Triangle has, through A4E funding, been able to support its current focus on expansion of the company. This year Carran Waterfield has worked with Debbie Isitt of The Snarling Beasties to devise a script, Ruby’s Slippers, which may be premiered in next year’s Arts Alive. She has also devised and written a new piece, Looking for the Tallyman, with Richard Talbot, a Belgrade commission at this year’s festival.

Additionally the company has launched the Nina and Frederick initiative: theatre wannabe characters who religiously follow every event – visit the city, set up home in the Belgrade – and invite people into their makeshift front room with a dead pan and therefore humorous assumption of the importance of Coventry and its theatre festival. The venture stimulated great interest and attracted people into the theatre who might otherwise never have thought of coming. It was a complex marketing tool used by the Belgrade, not just for this effect, but also because Nina and Frederick, as apparently mainstream theatre groupies, were attending experimental small-scale work thus providing a bridge into the latter for the former. In their discussions with the audience before and after shows, they could articulate the views of ordinary people as well as acting as foils for each other in suggesting other possible responses.

Triangle’s collaboration with Isitt is an exciting one given Isitt’s national profile for writing provocative often highly physical, black and comic theatre. The Snarling Beasties are at present working in film but Isitt is interested in new possibilities for experimental work. Next year she will direct an experimental version of 101 Dalmatians drawing upon the talent of performers like Waterfield and actors from the Bare Essentials company.

Talking Birds share Isitt’s interest in film, although for them the focus is more often, although not exclusively, on film as an element of performance. This year they presented Smoke, Mirrors and the Art of Escapology, an installation-technology piece using film. This again was a co-production with the Belgrade, a site-specific piece using theatre technology, film and performance to explore the company’s preoccupation with human behaviour at the extremes.

The only company who did not feature in this year’s festival was Theatre Absolute who are currently launching their new full-time venture, The Writing House, in conjunction with the Belgrade, to nurture new writing for theatre throughout the year, thereby developing a culture in Coventry of challenging and entertaining scripted theatre alongside the existing strong devised work.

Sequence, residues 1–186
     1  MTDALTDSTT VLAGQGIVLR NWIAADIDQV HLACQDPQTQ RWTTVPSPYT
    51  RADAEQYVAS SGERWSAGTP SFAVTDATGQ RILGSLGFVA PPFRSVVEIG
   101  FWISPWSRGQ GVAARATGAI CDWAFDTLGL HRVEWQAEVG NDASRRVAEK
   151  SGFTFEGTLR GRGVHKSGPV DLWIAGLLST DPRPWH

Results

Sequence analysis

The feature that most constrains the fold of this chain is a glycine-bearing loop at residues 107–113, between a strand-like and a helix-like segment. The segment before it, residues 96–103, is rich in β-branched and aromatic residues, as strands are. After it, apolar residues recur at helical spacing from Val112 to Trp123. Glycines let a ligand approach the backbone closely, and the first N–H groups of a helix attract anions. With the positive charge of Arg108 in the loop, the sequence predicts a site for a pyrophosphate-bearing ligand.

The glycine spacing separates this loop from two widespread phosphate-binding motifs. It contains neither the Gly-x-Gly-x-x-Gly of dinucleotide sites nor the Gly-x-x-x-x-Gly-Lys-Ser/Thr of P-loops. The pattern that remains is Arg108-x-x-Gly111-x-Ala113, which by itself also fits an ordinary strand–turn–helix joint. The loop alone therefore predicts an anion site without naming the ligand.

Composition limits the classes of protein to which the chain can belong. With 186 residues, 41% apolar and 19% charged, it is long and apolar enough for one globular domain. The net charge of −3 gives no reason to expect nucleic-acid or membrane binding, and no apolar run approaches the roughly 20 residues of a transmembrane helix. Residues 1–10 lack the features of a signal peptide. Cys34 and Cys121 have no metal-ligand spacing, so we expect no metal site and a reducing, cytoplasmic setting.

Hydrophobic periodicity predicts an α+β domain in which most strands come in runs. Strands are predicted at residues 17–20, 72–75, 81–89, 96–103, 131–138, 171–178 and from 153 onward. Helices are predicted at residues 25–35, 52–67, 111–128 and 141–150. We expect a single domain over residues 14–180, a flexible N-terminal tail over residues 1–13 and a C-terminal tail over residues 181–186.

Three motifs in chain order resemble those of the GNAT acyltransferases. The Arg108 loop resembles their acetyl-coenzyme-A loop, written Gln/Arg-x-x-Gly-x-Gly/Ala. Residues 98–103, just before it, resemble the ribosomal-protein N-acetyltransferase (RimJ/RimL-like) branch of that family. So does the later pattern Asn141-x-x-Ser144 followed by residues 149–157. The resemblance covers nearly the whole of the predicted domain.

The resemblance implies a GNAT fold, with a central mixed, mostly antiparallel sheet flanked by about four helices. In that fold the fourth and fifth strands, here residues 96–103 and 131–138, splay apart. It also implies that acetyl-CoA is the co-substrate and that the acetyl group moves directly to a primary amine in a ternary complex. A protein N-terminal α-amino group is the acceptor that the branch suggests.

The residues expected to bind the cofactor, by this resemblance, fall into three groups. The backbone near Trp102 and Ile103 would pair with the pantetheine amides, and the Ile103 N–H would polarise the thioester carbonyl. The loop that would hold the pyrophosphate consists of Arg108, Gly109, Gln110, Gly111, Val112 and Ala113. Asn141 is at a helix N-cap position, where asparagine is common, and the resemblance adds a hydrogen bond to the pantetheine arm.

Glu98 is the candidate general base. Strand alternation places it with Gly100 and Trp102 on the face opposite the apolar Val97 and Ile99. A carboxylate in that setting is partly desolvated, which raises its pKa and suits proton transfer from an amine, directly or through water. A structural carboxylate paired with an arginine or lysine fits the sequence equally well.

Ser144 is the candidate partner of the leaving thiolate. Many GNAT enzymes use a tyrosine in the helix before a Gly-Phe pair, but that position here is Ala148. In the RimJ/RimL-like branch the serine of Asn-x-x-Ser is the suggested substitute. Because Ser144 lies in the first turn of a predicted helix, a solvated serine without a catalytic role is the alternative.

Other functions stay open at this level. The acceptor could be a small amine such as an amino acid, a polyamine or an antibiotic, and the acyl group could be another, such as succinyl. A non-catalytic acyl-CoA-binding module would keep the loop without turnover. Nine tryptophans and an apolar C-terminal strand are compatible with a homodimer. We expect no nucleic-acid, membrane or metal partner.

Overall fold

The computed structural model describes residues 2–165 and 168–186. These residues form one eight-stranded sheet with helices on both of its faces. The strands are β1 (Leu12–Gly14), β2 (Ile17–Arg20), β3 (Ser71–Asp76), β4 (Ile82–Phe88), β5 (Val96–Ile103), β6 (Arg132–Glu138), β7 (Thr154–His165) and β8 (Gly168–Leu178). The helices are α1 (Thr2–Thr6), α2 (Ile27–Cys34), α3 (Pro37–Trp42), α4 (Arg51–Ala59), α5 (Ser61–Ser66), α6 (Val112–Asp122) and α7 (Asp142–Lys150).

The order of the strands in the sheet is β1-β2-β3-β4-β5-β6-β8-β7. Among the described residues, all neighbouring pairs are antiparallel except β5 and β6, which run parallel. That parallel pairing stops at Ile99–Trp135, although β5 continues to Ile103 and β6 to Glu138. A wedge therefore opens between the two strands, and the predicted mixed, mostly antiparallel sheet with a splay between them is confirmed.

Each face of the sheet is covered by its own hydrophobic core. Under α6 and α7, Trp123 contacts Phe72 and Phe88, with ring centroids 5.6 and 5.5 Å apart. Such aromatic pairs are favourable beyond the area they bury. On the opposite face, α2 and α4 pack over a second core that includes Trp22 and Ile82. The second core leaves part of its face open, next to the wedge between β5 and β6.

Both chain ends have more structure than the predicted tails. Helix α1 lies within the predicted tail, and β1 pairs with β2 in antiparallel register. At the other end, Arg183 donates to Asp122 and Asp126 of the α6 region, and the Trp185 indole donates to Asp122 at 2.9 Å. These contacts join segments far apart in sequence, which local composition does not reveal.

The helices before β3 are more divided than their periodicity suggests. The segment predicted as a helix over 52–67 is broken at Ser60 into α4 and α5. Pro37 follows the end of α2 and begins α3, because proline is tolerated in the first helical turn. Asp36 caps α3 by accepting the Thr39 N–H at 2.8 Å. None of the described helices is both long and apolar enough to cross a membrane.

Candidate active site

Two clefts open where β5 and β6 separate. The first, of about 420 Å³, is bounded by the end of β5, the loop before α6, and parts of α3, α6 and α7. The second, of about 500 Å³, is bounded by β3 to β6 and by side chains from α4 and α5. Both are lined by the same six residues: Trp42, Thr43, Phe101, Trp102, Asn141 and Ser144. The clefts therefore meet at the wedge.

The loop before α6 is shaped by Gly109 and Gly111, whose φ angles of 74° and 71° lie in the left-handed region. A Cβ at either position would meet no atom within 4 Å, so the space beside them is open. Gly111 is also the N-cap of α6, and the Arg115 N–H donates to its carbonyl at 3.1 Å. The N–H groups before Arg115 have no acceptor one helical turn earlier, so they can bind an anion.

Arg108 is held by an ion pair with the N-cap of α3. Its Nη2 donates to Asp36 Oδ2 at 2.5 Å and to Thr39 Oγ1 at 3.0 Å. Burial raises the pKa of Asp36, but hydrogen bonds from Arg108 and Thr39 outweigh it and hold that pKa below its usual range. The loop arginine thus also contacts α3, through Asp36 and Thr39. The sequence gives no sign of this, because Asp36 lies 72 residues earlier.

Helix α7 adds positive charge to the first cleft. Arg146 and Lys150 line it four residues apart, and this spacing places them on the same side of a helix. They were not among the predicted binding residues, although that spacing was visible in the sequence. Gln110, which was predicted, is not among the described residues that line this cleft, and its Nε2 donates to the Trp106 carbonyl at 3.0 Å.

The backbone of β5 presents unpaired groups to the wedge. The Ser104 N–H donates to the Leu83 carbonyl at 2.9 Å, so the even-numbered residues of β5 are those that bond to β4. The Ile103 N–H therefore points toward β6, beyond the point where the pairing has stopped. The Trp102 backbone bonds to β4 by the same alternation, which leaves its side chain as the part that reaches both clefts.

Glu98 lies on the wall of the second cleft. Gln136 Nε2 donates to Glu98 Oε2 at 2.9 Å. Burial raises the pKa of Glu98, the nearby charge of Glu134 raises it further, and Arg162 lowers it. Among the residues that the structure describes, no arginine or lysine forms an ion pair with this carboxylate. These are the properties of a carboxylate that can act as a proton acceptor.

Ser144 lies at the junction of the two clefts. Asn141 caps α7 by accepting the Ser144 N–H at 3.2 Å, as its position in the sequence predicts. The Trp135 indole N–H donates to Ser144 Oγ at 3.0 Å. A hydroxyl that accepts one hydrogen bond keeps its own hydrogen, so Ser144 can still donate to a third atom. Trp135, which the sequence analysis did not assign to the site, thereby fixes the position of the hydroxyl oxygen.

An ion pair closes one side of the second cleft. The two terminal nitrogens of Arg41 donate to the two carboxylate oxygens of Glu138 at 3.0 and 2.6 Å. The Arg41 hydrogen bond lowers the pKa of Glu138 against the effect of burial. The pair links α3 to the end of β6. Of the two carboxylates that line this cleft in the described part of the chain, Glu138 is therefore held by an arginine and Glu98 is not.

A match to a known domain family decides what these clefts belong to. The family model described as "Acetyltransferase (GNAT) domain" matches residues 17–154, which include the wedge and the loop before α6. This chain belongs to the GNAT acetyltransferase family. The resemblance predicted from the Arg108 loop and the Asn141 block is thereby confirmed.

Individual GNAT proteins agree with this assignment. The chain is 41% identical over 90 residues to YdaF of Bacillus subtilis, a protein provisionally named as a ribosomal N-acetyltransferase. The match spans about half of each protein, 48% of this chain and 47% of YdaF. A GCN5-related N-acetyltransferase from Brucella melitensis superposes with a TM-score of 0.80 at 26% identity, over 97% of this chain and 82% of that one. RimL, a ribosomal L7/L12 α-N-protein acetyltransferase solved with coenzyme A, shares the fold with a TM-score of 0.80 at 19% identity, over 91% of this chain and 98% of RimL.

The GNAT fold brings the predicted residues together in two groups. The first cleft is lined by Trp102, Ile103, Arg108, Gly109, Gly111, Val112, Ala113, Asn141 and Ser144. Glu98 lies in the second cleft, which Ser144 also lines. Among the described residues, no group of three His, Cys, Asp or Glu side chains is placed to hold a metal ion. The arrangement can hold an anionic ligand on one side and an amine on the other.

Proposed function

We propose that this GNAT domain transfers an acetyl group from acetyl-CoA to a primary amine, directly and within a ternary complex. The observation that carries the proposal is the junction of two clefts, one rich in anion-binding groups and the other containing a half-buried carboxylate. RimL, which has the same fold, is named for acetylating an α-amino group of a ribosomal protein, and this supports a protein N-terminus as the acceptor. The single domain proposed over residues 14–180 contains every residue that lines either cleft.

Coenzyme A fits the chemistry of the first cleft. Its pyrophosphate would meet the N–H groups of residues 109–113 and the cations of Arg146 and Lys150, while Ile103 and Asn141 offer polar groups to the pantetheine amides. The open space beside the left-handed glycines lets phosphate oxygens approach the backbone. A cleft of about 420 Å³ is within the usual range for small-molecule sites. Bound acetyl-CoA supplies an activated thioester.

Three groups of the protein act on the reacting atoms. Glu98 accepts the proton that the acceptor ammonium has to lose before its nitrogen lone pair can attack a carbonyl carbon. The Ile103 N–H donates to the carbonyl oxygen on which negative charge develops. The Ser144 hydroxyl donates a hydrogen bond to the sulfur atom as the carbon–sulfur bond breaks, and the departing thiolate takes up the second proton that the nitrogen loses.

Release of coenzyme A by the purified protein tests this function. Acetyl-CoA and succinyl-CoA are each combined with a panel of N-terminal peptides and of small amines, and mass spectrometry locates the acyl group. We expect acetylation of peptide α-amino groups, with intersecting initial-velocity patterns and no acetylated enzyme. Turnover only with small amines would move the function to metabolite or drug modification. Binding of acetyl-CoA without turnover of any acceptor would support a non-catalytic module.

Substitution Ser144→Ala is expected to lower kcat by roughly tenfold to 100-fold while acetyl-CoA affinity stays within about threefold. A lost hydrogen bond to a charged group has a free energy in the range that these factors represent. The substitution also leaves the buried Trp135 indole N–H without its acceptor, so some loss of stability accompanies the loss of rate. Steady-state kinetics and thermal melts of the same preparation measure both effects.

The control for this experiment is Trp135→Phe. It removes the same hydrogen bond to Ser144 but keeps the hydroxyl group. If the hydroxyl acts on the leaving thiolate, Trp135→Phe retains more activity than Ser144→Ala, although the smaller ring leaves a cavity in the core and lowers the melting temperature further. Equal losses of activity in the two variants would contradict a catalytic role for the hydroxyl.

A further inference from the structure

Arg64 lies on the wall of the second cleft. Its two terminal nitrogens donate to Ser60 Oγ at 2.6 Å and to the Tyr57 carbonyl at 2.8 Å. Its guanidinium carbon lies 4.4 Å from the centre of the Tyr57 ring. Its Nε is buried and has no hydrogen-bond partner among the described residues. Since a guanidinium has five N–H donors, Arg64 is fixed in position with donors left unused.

Coventry’s Arts Alive Festival marks the growing vision of a repertory theatre, grounded in both community and professional activity, preparing itself for a new role responding to and provoking cultural change. There is particular commitment to work which gives voice to the stories of the city and of people of the city. Community groups such as Fountain, a disabled people’s group, regularly create work for the festival. National companies such as the Natural Theatre Company worked in the city’s shopping centre over the period of a week, playing amongst and against ordinary human behaviour, a complement to Triangle’s Nina and Frederick. For a second year in 1998 Teatr Biuro Podrozy from Poland played Carmen Funebre in the cathedral ruins. The company also presented indoors with a studio piece, Not of Us.

Odin Teatret visited Coventry for a second time too, for this festival, drawn by the long standing relationship with Triangle. They presented their work demonstrations and a performance piece, Ode to Progress. Local companies attended a director’s seminar with Eugenio Barba. The relationship will develop further in the year 2000, when both Odin and Podrozy will work in partnership with local companies to stage a version of The Mysteries for Arts Alive throughout the city.

Already there is a shared commitment through the CTN for theatre companies to develop training opportunities for themselves in film, in sharing working methods, as well as in solving administrative and funding support. In the future the Belgrade plans to consult more with local companies in the programming of national and international work both within the festival and beyond. Next year the 101 Dalmatians project will occur in the spring, before the festival. The Writing House will be a full-time venture, the festival being its platform. These changes are beginning to influence the demands upon the theatre building,

For three years now the theatre has transformed its main stage into a studio and developed the city’s open air ‘performance’ spaces. Certainly in the long term, the theatre, with the support of its local companies, will be looking for funding to make more drastic changes. The intended Arts and Media centre, immediately next to the Belgrade, might have provided both training spaces and a flexible performance venue to support this unique partnership. The Arts Council’s decision to refuse funding puts great pressure upon the CTN. In the meantime, they, and we are watching Coventry with growing interest.